Implementation of JIT Technology

  • A. S. Sohal
  • L. A. R. Al-Hakim
Part of the Advanced Manufacturing Series book series (ADVMANUF)


In the late 1970s and throughout the 1980s, most US and Western Manufacturers faced intensified competition from Japanese manufacturers. Competitive analysis revealed the ability of Japanese manufacturers to produce and deliver higher quality products but at a lower cost. Just-in-Time (JIT) manufacturing was identified as the main contributor to this. Since then JIT manufacturing has received much publicity and has become one of the most important topics in the production and operations management literature. Surveys of the utilisation of production techniques in the USA [1], the United Kingdom [2] and in Australia [3] reflect the popularity of JIT manufacturing systems by comparison with the traditional MRP (Material Requirements Planning) or its version MRPII systems.


Assembly Line Kanban System Pull System Flexible Manufacture Cell Master Production Schedule 
These keywords were added by machine and not by the authors. This process is experimental and the keywords may be updated as the learning algorithm improves.


Unable to display preview. Download preview PDF.

Unable to display preview. Download preview PDF.


  1. 1.
    White RE. An empirical assessment of JIT in U.S. manufacturers. Prod & Invent Manage J 1993; 2nd Quarter: 38–42.Google Scholar
  2. 2.
    Oakland J, Sohal A. Production management techniques in UK manufacturing industry: usage and barriers to acceptance. J Oper Prod Manage 1987; 7 (1): 8–37.CrossRefGoogle Scholar
  3. 3.
    Ramsey L, Sohal A, Samson D. Just-in-time Manufacturing in Victoria. University of Melbourne, Melbourne, 1990.Google Scholar
  4. 4.
    Schonberger R. Japanese manufacturing Techniques: nine hidden lesson in simplicity. The Free Press, NY, 1982.Google Scholar
  5. 5.
    Hall RW. Zero inventory. Dow Jones-Irwin, Homewood, EL, 1983.Google Scholar
  6. 6.
    American Production and Inventory Control Society. APICS Dictionary, 6th ed. Falls Church, VA, 1987.Google Scholar
  7. 7.
    Wantuck K. Ken Wantuck’s concept of just-in-time manufacturing techniques. Tecnology Transfère Council, Melbourne, 1988.Google Scholar
  8. 8.
    Sohal L, Ramsay L, Samson D. JIT manufacturing: industry analysis and a methodology for implementation. Int J Oper Prod Manage 1993; 13 (7): 22–56.CrossRefGoogle Scholar
  9. 9.
    Al-Hakim L, Jenney B. Training for new production technology. Proceeding of 1990 industry training conference, Melbourne, 1990.Google Scholar
  10. 10.
    Al-Hakim L, Jenney B. MRP: an adaptive approach. Int J Prod Econ 1991; 25: 65–72.CrossRefGoogle Scholar
  11. 11.
    Lorinez JA. Suppliers question approaches to JIT. Purchasing Word J 1985; 29 (3): 42–63.Google Scholar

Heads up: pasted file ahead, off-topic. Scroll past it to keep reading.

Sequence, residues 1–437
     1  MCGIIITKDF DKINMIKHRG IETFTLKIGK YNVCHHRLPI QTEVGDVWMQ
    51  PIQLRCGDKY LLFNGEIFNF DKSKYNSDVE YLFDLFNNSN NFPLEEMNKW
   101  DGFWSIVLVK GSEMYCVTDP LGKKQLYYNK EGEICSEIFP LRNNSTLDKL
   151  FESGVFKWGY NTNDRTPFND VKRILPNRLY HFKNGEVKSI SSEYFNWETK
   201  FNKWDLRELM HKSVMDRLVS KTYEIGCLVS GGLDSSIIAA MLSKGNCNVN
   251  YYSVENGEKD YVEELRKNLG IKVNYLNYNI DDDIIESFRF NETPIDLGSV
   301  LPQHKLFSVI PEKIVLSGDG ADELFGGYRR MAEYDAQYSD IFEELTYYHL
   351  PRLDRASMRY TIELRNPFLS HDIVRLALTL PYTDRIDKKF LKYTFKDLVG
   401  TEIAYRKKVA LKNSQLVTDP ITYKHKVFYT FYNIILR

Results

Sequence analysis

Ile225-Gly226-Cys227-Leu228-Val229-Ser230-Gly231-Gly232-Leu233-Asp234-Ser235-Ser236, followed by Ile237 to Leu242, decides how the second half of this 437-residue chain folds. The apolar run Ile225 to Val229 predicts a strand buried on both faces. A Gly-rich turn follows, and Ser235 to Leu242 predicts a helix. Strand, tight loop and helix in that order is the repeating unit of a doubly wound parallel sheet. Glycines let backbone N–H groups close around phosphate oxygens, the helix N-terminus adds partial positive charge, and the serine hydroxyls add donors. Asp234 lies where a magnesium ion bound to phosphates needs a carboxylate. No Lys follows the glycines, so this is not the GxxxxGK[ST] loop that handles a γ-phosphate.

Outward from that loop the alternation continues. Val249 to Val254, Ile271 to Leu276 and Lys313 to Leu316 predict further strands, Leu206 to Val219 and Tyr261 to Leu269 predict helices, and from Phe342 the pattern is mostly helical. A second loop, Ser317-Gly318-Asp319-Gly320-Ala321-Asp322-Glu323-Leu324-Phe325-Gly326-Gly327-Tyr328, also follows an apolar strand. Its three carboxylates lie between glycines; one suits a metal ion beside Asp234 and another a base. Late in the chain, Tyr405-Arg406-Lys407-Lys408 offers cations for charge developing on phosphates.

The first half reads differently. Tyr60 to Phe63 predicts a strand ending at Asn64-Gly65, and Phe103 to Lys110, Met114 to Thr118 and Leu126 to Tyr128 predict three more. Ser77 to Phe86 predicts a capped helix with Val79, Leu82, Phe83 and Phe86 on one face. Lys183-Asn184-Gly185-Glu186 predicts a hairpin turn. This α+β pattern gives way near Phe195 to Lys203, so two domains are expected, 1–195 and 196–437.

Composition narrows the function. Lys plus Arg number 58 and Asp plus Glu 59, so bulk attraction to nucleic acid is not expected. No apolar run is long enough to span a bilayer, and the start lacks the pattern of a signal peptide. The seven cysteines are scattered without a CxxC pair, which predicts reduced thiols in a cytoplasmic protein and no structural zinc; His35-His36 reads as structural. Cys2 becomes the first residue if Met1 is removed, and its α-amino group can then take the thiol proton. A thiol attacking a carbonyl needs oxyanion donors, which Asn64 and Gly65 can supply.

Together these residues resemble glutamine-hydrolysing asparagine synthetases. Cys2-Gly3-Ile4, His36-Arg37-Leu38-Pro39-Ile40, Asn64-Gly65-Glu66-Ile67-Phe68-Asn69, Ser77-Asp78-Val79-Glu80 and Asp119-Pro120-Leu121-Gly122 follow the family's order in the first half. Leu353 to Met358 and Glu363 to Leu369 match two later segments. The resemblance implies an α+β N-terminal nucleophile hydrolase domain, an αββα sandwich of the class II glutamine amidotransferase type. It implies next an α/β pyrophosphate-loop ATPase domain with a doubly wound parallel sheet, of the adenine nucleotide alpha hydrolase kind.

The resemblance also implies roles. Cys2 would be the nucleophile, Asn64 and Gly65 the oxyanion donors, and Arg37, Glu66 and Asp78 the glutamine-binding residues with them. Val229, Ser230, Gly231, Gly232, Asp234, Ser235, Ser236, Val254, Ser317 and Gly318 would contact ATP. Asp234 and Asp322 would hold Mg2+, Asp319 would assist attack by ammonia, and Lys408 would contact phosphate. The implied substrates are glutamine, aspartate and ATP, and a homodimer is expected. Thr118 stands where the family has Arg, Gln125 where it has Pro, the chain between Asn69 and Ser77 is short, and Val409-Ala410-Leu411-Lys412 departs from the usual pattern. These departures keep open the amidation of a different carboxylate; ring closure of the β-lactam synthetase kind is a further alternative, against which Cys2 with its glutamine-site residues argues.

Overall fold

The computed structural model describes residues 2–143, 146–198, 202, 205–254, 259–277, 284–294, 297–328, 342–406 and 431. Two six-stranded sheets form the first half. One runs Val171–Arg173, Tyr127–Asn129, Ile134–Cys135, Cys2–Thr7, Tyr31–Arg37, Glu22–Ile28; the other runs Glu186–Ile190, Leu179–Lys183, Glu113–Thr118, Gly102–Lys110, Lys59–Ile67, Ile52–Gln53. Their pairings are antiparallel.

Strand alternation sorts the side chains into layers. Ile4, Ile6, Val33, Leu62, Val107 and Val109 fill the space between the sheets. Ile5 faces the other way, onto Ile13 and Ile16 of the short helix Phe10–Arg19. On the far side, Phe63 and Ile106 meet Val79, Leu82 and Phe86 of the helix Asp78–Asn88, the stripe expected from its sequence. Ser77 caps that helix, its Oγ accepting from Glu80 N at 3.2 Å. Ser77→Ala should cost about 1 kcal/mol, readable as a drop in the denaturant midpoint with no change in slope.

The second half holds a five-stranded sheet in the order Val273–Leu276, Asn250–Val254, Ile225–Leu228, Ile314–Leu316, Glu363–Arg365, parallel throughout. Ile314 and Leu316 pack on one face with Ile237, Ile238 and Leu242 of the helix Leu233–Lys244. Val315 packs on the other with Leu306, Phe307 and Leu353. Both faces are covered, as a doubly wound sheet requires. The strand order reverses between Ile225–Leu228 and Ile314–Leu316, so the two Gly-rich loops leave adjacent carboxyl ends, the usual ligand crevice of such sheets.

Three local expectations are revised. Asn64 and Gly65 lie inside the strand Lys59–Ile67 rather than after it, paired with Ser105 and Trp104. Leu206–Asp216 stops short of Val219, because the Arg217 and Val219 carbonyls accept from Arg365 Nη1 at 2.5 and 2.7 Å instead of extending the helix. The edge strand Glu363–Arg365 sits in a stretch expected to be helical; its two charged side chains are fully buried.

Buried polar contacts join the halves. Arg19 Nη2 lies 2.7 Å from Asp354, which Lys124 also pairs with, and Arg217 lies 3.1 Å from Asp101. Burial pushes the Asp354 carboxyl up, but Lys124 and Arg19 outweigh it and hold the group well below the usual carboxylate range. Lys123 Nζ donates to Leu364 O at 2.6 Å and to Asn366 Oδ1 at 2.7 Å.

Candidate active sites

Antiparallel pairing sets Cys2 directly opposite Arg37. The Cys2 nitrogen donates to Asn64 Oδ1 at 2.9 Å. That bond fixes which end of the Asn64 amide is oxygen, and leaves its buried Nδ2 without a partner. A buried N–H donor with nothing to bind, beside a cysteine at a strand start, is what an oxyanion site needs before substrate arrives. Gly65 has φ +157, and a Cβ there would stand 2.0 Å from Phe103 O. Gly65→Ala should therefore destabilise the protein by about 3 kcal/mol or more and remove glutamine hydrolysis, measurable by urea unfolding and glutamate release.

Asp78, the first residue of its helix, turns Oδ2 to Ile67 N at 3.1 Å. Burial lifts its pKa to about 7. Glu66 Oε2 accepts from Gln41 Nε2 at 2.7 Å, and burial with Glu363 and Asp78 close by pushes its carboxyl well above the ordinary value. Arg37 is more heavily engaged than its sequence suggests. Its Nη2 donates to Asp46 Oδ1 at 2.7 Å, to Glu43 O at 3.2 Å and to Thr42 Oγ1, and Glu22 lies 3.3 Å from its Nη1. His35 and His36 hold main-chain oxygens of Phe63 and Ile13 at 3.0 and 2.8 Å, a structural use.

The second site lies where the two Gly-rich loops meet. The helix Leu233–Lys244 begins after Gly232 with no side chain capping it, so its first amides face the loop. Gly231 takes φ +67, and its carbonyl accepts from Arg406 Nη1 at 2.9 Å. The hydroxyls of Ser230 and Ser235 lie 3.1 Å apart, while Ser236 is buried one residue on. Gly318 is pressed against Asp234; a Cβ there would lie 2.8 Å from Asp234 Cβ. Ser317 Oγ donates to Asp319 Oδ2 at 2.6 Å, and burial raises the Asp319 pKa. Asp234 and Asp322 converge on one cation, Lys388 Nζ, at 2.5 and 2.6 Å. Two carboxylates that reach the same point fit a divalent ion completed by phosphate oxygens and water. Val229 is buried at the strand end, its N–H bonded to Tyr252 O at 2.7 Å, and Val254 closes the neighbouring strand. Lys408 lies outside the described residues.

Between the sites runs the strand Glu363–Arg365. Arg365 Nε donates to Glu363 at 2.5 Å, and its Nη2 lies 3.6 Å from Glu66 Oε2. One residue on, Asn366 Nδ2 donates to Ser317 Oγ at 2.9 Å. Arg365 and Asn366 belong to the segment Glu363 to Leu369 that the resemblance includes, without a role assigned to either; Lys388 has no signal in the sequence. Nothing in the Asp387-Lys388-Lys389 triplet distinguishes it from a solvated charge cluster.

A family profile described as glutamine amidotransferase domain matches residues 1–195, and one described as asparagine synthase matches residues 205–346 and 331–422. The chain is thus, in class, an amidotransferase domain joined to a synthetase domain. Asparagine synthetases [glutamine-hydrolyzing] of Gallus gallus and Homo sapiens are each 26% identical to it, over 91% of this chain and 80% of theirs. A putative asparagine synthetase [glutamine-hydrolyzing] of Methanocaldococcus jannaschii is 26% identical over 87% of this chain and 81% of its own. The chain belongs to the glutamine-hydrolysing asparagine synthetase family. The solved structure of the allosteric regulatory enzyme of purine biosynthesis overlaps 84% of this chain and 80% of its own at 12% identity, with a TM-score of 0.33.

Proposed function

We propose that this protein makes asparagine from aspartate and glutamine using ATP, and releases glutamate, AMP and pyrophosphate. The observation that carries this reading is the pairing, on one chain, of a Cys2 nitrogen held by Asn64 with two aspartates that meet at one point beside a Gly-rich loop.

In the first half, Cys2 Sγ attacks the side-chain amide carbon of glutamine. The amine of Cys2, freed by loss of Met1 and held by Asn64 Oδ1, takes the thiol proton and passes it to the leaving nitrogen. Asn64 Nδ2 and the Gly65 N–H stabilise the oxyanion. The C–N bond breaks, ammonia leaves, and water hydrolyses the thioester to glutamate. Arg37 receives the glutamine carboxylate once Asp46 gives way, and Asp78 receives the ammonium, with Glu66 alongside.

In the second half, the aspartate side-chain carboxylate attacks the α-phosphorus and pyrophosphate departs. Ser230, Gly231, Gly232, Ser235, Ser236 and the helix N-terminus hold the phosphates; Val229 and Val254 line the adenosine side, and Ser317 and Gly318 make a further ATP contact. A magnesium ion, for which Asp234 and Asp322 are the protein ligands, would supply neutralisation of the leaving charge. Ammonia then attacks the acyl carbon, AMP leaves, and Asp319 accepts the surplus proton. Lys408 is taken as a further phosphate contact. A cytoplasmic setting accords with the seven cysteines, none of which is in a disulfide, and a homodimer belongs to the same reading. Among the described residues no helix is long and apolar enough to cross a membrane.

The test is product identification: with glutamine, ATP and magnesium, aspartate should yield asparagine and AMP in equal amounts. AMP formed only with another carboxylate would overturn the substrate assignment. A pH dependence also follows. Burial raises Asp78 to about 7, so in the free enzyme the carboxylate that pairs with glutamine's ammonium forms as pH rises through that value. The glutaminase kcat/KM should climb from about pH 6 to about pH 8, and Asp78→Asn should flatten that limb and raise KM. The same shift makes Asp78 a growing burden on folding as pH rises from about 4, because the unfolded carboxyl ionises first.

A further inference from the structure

12. 12.
    Al-Hakim L, Okyar H, Sohal A. A comparative study of MRP and JIT production management systems. In: Sumanth D, Edosomwan J, Poupart R, Sink D(eds) Productivity & quality management, IDE Press, NY, 1993. pp 547–556.Google Scholar
  13. 13.
    Baldwin RE. Adaptive effects on purchaser-vendor relationships resulting from Japanese management techniques. Procedding of the national purchasing and materials management research symposium, 1989, pp 42–54.Google Scholar
  14. 14.
    Celley A, Clegg W, Smith A, Vonderembse M. Implementation of JIT in the United States. J Purchasing & Material Manage 1986; 22 (4): 9–15.Google Scholar
  15. 15.
    Pegler HC, Kochhar AK. Rule-based approach to just-in-time manufacturing. Comp Integ Manuf Sys J 1990; 3 (1): 11–18.CrossRefGoogle Scholar
  16. 16.
    Hall RW. Leveling the schedule. Proceeding of zero inventory philosophy & practices seminar, Falls Charh, VA: APICS, 1984.Google Scholar
  17. 17.
    Park PS. Uniform plant loading through level production. Prod & Invent Manage J 1993; 2nd Quarter: 12–17.Google Scholar
  18. 18.
    Hayes RH, Clark KB. Why some factories are more productive than others. Harvard Busness Review J 1986; Sept–Oct: 66–73.Google Scholar
  19. 19.
    Karmarker U. Getting control of just-in-time. Harvard Business Review 1989; Sept–Oct: 66–73.Google Scholar
  20. 20.
    Suzaki K. The new manufacturing challenge. The Free Press, NY, 1987.Google Scholar
  21. 21.
    Ford H. Today and tomorrow, Garden City Publishing, NY, 1926.Google Scholar
  22. 22.
    Aggrawal SC. MRP, JIT, OPT, FMS, Harvard Business Review, 1985: 8–16.Google Scholar
  23. 23.
    Taguchi G. Introduction to quality engineering. Asian Productivity Organisation, Tokyo, 1986.Google Scholar
  24. 24.
    Schonberger R. Zero quality control; source inspection and the poka-yoke system. Productivity, Inc., Stanford, 1986.Google Scholar
  25. 25.
    Skinner W., The focused factory. Harvard Business Review 1974; May–June: 113–121.Google Scholar
  26. 26.
    Lambrecht M, Decalume L. JIT and constraint theory: the issue of bottleneck management. Prod & Invent Manage 1988; 3rd Quarter: 61–65.Google Scholar
  27. 27.
    Belt B. MRP and kanban- a possible synergy?. Prod & Invent Manage 1987; 1st Quarter: 71–80.Google Scholar
  28. 28.
    Moden Y. Toyota production system: practical approach to management. Industrial Engineering Management Press, Norcross, GA, 1983.Google Scholar
  29. 29.
    Krajewski L, King B, Ritzman L, Wong D. Kanban, MRP, and shaping the manufacturing environment. Manage Sci J 1987; 33 (I): 39–57.CrossRefGoogle Scholar
  30. 30.
    Spearman M, Woodruff D, Hopp W. CONWDP: a pull alternative to kanban. Int J Prod Res 1990; 28 (5): 879–894.CrossRefGoogle Scholar
  31. 31.
    Samson D, Sohal A, Ramsay E. Human resource issue in manufacturing improvement initiatives: case study experiences in Australia. Int J Human Factor in Manuf J 1993; 3 (2): 135–152.CrossRefGoogle Scholar

Copyright information

© Springer-Verlag London Limited 1994

Authors and Affiliations

  • A. S. Sohal
  • L. A. R. Al-Hakim

There are no affiliations available

Personalised recommendations